Friday, March 26, 2010

Socrates et Servus nequam (Phaedrus)

SOURCE: For a complete edition of Phaedrus with macrons, see the edition by J.H. Drake at GoogleBooks. This is fable 27 in the Perotti Appendix to Phaedrus. For parallel versions, see Perry 554.

READ OUT LOUD. Choose which marked text you prefer to practice with - macrons in verse form, or macrons in prose order, or accent marks in prose order, or focusing on the iambic meter. You will find materials for all of these options below. :-)

VERSE MACRONS. Here is the verse text with macrons:

Cum servus nēquam Sōcratī male dīceret,
uxōrem dominī quī corrūpisset suī,
idque ille scīret nōtum circumstantibus,
"Placēs tibi" inquit "quia cui nōn dēbēs placēs;
sed nōn impūnē, quia cui dēbēs nōn placēs."

PROSE MACRONS. Here is the same text with macrons written out in prose word order:

Cum Sōcratī male dīceret servus nēquam, quī dominī suī uxōrem corrūpisset, et ille scīret id nōtum circumstantibus, inquit: "Tibi placēs quia placēs cui nōn dēbēs; sed nōn impūnē, quia nōn placēs cui dēbēs."

STRESS (ACCENT) MARKS. Here is the prose text with accents, plus some color-coding for the words of three or more syllables (blue: penultimate stress; red: antepenultimate stress):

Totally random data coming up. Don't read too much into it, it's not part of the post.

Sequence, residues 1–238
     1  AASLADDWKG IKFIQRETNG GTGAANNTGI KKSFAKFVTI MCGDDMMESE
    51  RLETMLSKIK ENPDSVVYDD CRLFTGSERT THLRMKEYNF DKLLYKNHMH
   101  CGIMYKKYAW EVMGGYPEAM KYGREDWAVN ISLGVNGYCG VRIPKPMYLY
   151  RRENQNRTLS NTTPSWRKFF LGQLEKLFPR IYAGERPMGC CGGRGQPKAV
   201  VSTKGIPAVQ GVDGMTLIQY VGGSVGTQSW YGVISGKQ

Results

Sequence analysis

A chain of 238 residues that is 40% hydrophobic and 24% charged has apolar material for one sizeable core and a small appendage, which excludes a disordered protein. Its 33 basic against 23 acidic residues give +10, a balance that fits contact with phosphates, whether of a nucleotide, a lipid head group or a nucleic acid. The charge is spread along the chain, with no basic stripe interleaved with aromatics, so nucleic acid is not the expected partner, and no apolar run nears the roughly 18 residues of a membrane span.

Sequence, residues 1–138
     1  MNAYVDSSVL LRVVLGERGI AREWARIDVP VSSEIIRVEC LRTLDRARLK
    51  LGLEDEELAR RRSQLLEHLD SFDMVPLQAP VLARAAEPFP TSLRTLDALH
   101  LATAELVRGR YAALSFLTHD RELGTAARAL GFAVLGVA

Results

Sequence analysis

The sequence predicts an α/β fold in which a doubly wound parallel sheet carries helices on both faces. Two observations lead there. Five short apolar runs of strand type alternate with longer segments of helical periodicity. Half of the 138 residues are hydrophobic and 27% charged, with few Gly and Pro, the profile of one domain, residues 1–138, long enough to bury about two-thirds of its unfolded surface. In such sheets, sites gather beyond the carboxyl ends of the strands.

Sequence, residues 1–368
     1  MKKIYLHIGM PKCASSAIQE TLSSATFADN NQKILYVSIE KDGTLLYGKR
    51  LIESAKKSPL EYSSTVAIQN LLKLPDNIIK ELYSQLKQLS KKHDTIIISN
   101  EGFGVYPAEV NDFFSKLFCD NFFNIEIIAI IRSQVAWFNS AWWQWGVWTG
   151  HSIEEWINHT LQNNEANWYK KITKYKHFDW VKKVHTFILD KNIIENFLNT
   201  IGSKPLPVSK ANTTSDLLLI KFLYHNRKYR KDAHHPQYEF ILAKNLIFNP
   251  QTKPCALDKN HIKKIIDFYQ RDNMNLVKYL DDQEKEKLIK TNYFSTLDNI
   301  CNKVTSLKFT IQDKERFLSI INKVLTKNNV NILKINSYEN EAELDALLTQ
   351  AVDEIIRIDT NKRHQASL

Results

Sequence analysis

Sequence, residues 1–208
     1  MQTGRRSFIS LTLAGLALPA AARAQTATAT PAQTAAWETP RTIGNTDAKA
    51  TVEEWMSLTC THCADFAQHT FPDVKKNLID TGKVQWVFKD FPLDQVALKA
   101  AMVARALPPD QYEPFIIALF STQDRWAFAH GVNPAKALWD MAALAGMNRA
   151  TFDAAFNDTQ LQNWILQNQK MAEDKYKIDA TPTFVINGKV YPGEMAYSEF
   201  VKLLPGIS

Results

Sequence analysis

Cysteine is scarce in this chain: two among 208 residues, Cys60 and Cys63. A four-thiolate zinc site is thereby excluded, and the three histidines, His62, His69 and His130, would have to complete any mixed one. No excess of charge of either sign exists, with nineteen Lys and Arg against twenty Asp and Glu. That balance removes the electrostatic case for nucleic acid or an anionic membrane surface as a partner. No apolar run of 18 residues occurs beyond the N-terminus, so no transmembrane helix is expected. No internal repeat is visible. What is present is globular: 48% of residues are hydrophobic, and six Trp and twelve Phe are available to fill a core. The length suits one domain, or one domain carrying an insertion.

Cum Sócrati male díceret servus nequam, qui dómini sui uxórem corrupísset, et ille sciret id notum circumstántibus, inquit: "Tibi places quia places cui non debes; sed non impúne, quia non places cui debes."

IAMBIC METER. Here is the verse text with some color coding to assist in the iambic meter. The disyllabic elements (iambs/spondees) are not marked, but the trisyllabic elements are color-coded: dactyls are red, anapests are purple, and tribrachs are green (as is any proceleusmaticus, although that is a rare creature); for more information, here are some Notes on Iambic Meter.

Cum ser·vus nē·quam Sō·cratī ·male dī·ceret,
uxō·rem domi·nī quī· corrū·pisset· suī,
idqu~ il·le scī·ret nō·tum cir·cumstan·tibus,
Placēs· tib~ in·quit quia· cui nōn· dēbēs· placēs;
sed nōn· impū·nē, quia· cui dē·bēs nōn· placēs.

IMAGE. Here is an illustration for the story (image source), showing a busy of Socrates:

What follows is an unmarked version of the prose rendering to faciliate word searches:
Cum Socrati male diceret servus nequam, qui domini sui uxorem corrupisset, et ille sciret id notum circumstantibus, inquit: "Tibi places quia places cui non debes; sed non impune, quia non places cui debes."

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